Happy Teaching!

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  1. Way to go Trevor (and Mama!!). Love the picture of him, too!

  2. Wow! He sounds way ahead of the game. I'm just barely scraping by with my 3 year old and baby. I need get more serious this summer for planning.

    1. Honestly, my son has never bee much to just sit down and play, he does much better with structure, so I've just taken advantage of that! If I give him the option "Do you want to play for a little while or do reading and writing?" he will pick reading and writing =) Every child is definitely different!

      If you have a little baby, barely scraping by is just fine =) It's just a season on life, and it's so good to focus on that baby right now! By next year you'll be able to teach your 3 yr old and the little one will love joining in on the fun!

  3. Wow!! You've got a smart little guy, there. Great job!!

  4. This is amazing! Great idea to type out all these different goals! I know the more intentional I am about goals for my kids the more I seem to accomplish. I love the goal to memorize 50 Bible Verses!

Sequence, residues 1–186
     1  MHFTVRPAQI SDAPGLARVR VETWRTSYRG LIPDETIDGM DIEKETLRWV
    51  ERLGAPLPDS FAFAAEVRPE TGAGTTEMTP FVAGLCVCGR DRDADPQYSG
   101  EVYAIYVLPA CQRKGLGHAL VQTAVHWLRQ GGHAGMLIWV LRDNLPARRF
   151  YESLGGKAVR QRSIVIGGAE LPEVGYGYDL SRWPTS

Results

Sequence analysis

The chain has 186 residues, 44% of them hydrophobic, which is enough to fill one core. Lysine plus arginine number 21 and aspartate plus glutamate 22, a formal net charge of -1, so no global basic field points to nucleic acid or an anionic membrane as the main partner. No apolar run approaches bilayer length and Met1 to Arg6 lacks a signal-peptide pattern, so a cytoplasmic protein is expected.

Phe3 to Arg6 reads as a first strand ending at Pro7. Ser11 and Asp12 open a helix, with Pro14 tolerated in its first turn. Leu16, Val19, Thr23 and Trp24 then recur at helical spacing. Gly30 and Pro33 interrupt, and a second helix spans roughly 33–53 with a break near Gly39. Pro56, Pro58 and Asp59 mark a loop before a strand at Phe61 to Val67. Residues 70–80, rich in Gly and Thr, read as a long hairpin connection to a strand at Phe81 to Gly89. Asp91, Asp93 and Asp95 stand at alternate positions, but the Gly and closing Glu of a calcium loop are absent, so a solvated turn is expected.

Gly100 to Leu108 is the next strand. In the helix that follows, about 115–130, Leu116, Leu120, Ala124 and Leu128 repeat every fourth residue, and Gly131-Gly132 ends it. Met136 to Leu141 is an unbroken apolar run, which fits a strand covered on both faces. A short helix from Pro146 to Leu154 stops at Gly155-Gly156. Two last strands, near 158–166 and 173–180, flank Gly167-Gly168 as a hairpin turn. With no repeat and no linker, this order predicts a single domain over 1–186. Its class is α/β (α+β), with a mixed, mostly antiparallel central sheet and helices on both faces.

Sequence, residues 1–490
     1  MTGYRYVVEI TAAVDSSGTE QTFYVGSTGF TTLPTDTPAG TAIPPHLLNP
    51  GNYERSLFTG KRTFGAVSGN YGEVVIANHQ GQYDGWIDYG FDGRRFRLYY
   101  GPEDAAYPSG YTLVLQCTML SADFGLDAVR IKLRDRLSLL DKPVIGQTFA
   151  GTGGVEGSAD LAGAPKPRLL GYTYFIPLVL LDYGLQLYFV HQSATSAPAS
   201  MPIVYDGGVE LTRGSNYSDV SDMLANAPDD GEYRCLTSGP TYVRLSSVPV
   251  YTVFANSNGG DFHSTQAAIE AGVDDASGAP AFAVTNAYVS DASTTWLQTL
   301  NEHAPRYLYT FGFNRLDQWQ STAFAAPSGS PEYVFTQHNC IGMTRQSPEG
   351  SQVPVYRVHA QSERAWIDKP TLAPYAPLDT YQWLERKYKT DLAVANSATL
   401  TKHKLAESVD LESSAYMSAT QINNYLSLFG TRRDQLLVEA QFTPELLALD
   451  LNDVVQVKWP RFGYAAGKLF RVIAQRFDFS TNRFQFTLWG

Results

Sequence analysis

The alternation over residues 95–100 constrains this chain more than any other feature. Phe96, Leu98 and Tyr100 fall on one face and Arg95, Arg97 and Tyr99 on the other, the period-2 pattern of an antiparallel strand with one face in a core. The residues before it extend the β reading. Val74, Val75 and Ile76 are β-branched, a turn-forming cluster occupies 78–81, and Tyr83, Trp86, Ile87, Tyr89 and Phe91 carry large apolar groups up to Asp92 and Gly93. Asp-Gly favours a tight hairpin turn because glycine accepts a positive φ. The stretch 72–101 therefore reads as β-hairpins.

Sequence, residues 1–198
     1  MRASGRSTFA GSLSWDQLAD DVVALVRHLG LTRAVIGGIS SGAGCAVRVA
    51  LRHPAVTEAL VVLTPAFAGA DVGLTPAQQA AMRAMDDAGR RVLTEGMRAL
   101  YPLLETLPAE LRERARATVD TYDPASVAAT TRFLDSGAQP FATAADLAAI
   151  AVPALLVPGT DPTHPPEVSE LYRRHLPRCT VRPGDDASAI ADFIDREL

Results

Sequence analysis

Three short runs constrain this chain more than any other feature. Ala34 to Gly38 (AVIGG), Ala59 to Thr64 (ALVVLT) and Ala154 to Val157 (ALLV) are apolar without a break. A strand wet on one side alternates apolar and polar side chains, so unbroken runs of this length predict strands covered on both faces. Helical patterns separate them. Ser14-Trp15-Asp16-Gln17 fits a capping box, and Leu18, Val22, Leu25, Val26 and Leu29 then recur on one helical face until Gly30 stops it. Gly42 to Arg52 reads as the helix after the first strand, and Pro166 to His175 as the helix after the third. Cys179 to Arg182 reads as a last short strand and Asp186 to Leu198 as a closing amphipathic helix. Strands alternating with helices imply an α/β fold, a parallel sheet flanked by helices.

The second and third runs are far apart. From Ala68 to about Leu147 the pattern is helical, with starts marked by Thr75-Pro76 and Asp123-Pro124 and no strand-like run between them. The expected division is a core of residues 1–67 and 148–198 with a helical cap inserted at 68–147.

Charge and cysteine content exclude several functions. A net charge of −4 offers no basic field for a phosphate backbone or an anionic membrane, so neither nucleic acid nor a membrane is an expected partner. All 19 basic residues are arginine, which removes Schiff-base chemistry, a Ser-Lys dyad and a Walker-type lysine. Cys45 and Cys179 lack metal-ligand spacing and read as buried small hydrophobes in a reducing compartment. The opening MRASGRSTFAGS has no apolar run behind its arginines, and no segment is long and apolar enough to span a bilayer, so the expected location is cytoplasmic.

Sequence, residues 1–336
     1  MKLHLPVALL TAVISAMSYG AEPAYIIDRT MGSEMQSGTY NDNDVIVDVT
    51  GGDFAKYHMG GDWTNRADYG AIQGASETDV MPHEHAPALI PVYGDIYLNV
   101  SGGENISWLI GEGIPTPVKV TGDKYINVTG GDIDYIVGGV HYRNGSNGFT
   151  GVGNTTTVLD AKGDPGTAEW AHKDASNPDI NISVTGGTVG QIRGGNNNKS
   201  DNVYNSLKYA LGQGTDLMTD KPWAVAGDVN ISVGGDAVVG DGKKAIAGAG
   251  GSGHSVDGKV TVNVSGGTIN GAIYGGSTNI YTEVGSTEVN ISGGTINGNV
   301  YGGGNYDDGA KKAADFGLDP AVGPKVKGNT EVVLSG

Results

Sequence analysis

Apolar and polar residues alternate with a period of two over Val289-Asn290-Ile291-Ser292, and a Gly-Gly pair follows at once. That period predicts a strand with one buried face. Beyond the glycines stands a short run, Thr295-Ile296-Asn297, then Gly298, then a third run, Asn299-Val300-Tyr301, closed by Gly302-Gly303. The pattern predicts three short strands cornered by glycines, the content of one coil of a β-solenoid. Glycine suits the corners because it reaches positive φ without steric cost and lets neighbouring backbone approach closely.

1. I seem to get sucked into the hum-drum of every day life if I don't have something to be aiming for, so simply making some goals really helps! Like you said, I just get more accomplished and feel better while doing it!

  5. You GO, girl!! I'm sure that your spiritual goals will end up being just as profitable as your academic ones.

    Thanks for linking up with Loving Our Children Tuesdays.

  6. So very smart to be goal oriented! I need to do more of that, Thanks for the great idea!

  7. Thank you, everyone, for sopping by and taking the time to comment =)

  8. I downloaded a Leap Frog song on skip counting that really helped my son to get this down. Before that, I'd tried nearly every learning help out there and he just never got the concept.

    1. Songs have helped us too! My sister-in-law gave us an old School House Rock DVD that goes through a bunch of skip counting and that is how we learned 3's and 5's. Does the Leap Frog song go through different numbers? I'd be interested in it if it went through numbers we haven't learned yet!

  9. Your son sounds amazing! Have you though about teaching him any history or geography? My kids love it.

    1. I'm super excited to start history/geography this fall! He has been asking all sorts of questions (What did people do before there were houses? How long does it take to get to Japan? etc.) So I know he's ready and will be interested in learning it. What do you use for teaching history?